The banana at Kenya Agricultural Research Institute stand during the ongoing Embu ASK show. Photo | Charles Wanyoro 

A giant 128kg banana from Kenya Agricultural Research Institute (Kari) was among produce that captured the imagination of farmers at the ongoing Embu Agricultural Society of Kenya show.
Known as Fhia 17 variety, it stands at over 1.5 metres tall and produces very large bananas.
The crop’s seedling sold out in the first 30 minutes of display. Other bananas normally weigh about 15kg. “We didn’t know the banana would attract such a huge demand. We will get more for farmers,” said Murimi Kageta, a Kari technical officer.
The banana variety was introduced two years ago but the seedlings were not available until a few months ago.
The banana matures in a year and according to Kageta, it has been bred conventionally and is suitable for coffee and cotton growing zones provided it gets enough water.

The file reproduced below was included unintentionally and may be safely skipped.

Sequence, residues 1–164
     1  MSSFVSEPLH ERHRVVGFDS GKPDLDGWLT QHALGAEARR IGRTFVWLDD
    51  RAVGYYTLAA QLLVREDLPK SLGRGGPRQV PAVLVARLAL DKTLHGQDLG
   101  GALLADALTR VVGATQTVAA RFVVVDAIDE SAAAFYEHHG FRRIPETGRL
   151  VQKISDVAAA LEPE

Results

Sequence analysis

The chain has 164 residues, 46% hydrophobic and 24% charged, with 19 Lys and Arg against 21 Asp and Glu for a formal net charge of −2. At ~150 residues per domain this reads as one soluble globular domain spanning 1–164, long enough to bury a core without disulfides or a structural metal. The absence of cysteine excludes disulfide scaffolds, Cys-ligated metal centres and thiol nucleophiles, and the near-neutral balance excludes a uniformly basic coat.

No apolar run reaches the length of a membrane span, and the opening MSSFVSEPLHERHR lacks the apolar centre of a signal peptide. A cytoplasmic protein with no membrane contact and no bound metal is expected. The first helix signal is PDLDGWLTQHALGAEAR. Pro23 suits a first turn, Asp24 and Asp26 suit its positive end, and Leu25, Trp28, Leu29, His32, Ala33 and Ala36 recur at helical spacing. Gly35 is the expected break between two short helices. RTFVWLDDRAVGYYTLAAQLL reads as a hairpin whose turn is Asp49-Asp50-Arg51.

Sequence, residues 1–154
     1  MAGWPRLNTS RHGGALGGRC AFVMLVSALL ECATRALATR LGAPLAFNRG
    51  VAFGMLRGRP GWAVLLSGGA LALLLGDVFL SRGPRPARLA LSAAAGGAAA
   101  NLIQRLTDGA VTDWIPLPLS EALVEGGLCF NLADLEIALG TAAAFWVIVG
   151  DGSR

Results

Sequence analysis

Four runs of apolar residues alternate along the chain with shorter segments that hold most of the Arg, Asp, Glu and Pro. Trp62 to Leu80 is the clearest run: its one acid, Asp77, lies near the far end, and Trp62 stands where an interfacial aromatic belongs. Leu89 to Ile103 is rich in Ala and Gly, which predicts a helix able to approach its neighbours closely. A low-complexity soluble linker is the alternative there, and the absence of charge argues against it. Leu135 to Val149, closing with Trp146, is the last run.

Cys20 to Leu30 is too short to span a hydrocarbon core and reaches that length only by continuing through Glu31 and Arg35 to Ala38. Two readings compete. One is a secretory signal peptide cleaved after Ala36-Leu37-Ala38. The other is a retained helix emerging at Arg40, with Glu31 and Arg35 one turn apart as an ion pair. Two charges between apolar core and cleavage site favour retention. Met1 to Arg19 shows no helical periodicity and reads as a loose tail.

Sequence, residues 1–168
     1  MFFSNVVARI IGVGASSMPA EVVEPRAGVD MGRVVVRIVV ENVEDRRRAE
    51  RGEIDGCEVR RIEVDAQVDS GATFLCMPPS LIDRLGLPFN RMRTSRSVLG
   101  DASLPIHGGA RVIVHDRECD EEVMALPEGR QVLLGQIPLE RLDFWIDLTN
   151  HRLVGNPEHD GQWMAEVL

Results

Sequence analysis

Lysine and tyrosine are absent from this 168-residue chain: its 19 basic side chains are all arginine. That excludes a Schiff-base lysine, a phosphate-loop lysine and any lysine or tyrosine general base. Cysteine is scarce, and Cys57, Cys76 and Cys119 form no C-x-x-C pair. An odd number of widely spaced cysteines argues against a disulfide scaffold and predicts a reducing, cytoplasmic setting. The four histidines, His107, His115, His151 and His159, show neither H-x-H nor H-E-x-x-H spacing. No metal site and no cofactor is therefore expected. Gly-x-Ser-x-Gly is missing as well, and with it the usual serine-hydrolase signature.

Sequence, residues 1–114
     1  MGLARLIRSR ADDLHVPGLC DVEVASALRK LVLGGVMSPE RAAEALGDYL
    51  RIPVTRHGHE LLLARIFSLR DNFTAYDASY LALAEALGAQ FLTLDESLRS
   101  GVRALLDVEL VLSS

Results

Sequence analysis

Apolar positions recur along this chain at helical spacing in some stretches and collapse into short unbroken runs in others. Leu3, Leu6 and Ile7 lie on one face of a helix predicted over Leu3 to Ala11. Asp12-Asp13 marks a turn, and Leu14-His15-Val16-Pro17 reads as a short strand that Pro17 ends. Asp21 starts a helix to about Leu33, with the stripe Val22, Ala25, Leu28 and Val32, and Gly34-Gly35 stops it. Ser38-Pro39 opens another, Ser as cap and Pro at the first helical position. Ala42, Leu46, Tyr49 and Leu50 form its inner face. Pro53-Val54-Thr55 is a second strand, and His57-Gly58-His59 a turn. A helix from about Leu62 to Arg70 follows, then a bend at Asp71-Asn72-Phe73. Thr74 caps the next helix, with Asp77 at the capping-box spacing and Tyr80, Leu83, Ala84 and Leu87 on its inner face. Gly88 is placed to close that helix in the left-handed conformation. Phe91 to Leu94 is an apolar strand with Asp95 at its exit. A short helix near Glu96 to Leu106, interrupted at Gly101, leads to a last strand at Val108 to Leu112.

Kageta said the banana is resistant to diseases.
40 bags per acre
“It is relatively resistant to Panama and Cigar end rot diseases. However, you need to get seedlings from disease-free orchards. A lot of diseases are transmitted from the nurseries that habour them,” he said. Kari also showcased a new maize variety called KH539E for medium altitude and can yield 40 bags an acre.
The variety is resistant to stalk borers and has a stronger stem.
Thousands of show enthusiasts braved rain to sample what exhibitors had at the show that started on Thursday.
Embu show chairman Joseph Njeru said they had 78 exhibitors. Last year they had 56.
Food security
They were showcasing banking, education, agriculture, housing, technology, hotel and motor vehicles products.
At the Chuka University stand, farmers were taught about Lama, an animal that resembles a camel. It is commonly reared in South America and is slaughtered for meat.
Many learners were also attracted to the Achievers College and Embu University College stands for various agribusiness courses.
“The society will work with farmers and agricultural agencies to help achieve best farming practices,” said Njeru.